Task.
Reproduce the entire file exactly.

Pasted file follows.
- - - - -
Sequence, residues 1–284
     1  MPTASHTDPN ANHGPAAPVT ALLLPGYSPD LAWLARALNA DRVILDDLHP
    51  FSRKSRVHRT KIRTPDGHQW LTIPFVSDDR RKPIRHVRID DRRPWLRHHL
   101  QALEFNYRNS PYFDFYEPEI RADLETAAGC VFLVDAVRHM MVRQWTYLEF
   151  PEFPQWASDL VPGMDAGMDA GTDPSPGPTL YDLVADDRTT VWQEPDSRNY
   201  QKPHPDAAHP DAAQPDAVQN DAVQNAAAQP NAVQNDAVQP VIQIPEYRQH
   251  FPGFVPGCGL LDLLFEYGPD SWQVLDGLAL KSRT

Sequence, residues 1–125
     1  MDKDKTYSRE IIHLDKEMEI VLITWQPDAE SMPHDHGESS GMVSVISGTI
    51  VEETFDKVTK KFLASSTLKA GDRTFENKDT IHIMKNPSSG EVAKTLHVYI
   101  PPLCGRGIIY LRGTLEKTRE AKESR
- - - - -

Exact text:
Sequence, residues 1–284
     1  MPTASHTDPN ANHGPAAPVT ALLLPGYSPD LAWLARALNA DRVILDDLHP
    51  FSRKSRVHRT KIRTPDGHQW LTIPFVSDDR RKPIRHVRID DRRPWLRHHL
   101  QALEFNYRNS PYFDFYEPEI RADLETAAGC VFLVDAVRHM MVRQWTYLEF
   151  PEFPQWASDL VPGMDAGMDA GTDPSPGPTL YDLVADDRTT VWQEPDSRNY
   201  QKPHPDAAHP DAAQPDAVQN DAVQNAAAQP NAVQNDAVQP VIQIPEYRQH
   251  FPGFVPGCGL LDLLFEYGPD SWQVLDGLAL KSRT

Sequence, residues 1–125
     1  MDKDKTYSRE IIHLDKEMEI VLITWQPDAE SMPHDHGESS GMVSVISGTI
    51  VEETFDKVTK KFLASSTLKA GDRTFENKDT IHIMKNPSSG EVAKTLHVYI
   101  PPLCGRGIIY LRGTLEKTRE AKESR